(FIFA Women’s World Cup-By Erin Fish with USA) – After the match and after the celebrations, Julie Ertz was overcome by emotion. She fell to her knees, realising exactly what she and her team-mates had just accomplished and everything they had to go through to get to that point.
But this squad was not the same as it was in 2015. In fact, only 12 of the players on this current squad were on the 2015 championship team.
USA defeated the Netherlands 2-0 on Sunday after a hard-fought battle between the two squads. The Americans eventually came out on top, propelled first by captain Megan Rapinoe’s buried penalty kick in the 61st minute. Rapinoe, 34, became the oldest goalscorer in the history of the Women’s World Cup final.
Rose Lavelle, the USA’s 24-year-old midfield dynamo, added a remarkable solo strike in the 69th minute to give her side a secure lead. Contributions to the scoresheet from a budding USA star and an established one summed up the dynamic of this squad perfectly.
Rapinoe said winning this World Cup is different and better for her as a more senior player and as one of the captains.
“The cherry on top was little Rose [Lavelle] scoring today. It’s been a fantastic tournament for her,” Rapinoe said. “But everything, like [Ali Krieger] getting in and playing in a World Cup final after not being with the squad for two years, Christen Press’s celebration, Rose’s goal, Alyssa [Naeher’s] penalty save. It’s amazing, I don’t even have words.”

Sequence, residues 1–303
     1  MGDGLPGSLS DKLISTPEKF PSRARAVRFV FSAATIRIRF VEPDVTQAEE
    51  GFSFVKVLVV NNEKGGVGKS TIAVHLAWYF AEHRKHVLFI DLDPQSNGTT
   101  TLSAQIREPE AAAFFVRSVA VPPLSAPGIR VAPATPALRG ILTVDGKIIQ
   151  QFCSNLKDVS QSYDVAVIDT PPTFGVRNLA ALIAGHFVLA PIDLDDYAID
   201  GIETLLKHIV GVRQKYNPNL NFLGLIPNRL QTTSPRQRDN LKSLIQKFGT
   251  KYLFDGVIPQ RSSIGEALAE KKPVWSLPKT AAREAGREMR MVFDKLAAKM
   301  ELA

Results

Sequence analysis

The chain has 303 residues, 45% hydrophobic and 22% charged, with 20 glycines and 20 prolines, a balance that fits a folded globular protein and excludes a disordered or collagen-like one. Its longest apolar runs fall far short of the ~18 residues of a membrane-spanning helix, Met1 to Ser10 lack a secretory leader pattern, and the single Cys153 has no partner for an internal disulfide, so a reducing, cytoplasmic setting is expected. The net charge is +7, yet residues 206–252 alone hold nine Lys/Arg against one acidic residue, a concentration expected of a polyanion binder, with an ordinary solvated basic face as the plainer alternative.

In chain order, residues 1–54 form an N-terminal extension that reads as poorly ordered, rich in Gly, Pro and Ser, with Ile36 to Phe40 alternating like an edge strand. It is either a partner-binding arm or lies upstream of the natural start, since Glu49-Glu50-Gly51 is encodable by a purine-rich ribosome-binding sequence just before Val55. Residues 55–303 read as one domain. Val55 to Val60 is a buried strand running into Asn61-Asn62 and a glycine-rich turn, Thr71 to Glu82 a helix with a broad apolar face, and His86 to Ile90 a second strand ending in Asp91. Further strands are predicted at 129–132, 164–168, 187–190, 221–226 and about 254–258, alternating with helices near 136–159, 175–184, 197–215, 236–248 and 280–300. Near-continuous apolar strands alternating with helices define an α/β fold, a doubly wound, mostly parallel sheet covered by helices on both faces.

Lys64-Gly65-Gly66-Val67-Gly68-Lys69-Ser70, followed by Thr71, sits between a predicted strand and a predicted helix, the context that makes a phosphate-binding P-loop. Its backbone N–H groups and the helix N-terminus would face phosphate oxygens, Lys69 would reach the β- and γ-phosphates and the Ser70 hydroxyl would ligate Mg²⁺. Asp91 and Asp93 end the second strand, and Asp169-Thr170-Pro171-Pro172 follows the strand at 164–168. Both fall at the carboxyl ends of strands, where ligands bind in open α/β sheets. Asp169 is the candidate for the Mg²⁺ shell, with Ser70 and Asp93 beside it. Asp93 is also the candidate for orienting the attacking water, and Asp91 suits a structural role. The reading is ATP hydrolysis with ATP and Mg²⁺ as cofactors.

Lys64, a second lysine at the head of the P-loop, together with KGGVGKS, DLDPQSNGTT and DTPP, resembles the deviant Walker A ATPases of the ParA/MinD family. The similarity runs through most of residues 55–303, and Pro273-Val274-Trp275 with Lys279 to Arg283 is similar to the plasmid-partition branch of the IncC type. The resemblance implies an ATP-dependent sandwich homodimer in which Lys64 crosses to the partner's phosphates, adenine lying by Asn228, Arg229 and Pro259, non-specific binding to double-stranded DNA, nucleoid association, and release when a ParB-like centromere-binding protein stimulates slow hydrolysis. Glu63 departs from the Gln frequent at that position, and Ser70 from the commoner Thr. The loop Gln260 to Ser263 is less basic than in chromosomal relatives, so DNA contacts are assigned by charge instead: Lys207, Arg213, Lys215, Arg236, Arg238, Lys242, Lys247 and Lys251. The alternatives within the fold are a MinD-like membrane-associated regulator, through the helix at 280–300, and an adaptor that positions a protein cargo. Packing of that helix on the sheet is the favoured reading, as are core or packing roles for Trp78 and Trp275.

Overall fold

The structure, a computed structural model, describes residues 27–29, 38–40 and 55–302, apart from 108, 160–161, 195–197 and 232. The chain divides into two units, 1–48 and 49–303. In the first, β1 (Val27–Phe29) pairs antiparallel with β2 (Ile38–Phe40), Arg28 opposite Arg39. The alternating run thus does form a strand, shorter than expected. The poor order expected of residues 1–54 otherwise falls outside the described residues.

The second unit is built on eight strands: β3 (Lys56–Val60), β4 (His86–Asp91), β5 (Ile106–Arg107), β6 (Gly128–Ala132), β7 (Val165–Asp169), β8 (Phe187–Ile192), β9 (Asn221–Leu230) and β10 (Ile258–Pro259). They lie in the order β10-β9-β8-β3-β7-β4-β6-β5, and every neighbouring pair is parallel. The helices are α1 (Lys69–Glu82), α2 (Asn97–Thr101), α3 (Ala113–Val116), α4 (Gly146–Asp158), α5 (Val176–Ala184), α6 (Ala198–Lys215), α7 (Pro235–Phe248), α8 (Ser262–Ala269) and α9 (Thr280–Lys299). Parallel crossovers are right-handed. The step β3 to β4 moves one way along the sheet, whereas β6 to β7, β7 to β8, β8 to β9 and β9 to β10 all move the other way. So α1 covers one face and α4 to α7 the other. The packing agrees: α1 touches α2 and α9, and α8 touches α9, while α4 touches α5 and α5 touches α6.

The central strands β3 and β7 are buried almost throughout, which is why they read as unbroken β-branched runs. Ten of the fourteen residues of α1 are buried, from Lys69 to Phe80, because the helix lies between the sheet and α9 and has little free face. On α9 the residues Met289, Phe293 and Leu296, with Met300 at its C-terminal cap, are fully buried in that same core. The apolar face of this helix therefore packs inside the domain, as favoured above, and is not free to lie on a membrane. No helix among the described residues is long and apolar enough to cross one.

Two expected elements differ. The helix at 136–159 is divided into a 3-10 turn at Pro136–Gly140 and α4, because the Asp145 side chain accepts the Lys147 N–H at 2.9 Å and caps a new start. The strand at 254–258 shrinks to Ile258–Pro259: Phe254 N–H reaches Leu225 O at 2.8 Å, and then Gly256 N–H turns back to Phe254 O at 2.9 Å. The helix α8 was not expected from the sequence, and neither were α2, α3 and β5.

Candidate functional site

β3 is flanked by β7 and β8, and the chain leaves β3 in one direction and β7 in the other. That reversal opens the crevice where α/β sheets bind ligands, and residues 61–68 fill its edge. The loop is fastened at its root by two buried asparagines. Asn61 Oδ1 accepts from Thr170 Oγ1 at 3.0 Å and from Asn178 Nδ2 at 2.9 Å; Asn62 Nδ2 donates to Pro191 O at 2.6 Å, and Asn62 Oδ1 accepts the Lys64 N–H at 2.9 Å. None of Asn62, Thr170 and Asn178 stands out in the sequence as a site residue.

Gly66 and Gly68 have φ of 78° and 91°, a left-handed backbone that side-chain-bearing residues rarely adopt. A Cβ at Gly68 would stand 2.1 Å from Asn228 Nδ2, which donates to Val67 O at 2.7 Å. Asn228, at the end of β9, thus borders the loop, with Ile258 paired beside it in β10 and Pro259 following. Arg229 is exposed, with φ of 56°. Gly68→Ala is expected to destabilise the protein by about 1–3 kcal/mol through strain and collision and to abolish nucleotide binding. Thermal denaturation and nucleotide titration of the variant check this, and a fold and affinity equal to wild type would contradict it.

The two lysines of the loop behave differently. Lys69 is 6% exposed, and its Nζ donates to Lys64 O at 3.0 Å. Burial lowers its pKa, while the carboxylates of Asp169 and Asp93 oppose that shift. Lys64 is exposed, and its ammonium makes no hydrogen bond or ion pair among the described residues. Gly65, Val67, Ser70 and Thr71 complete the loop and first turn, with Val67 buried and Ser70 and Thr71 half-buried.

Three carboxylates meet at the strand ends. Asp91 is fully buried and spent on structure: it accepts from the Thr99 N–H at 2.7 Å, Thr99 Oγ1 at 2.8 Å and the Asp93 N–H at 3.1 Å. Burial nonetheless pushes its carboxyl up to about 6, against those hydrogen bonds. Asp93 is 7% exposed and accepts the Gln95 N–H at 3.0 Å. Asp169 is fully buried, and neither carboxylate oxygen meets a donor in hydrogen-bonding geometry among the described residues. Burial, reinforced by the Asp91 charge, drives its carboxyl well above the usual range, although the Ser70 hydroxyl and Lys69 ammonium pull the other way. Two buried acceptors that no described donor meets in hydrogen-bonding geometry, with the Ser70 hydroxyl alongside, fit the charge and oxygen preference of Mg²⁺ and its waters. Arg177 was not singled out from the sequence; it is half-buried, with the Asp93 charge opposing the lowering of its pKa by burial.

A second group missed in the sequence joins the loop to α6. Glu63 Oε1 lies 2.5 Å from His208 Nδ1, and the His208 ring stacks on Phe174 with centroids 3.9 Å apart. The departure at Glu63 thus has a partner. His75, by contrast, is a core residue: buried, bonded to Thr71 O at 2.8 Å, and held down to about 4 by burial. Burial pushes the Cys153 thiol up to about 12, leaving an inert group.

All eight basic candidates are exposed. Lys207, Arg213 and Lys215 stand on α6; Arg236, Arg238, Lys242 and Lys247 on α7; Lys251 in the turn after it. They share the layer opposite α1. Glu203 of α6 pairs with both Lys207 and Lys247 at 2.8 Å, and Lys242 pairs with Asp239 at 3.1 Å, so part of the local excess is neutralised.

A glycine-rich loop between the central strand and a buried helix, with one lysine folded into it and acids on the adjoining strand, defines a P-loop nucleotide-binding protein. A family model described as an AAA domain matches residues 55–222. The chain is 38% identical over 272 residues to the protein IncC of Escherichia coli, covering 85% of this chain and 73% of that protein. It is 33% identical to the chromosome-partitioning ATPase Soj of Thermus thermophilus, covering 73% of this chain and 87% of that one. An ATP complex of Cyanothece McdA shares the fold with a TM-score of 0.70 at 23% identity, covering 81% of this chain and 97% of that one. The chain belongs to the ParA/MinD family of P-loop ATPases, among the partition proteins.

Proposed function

From day one the US have talked about the dynamic of this group and how it was great to have a mix of veteran players as well as youth. There is experience and there is also a sense of freshness that the new players bring, all while maintaining what they call the “USWNT culture” that has been passed down from generation to generation.
This culture is a winning mentality learned from the minute you step into youth camps. It is gritty and competitive and about pushing each other to be the best. The minute this team touched down in France, they were all business.
They were putting a fourth star on that crest, or the tournament would not be a success.
In between the two World Cups it was not always smooth sailing for this squad. In 2016, the team was knocked out of the Rio Olympics at the quarter-final stage by Sweden, and that called for a change to take place. Coach Jill Ellis began to tactically restructure the team, and the squad had to find themselves again.
Three years later, they have done it. Ertz sat there on her knees in the centre of the stadium in Lyon and just took it all in.
FIFA Women’s World Cup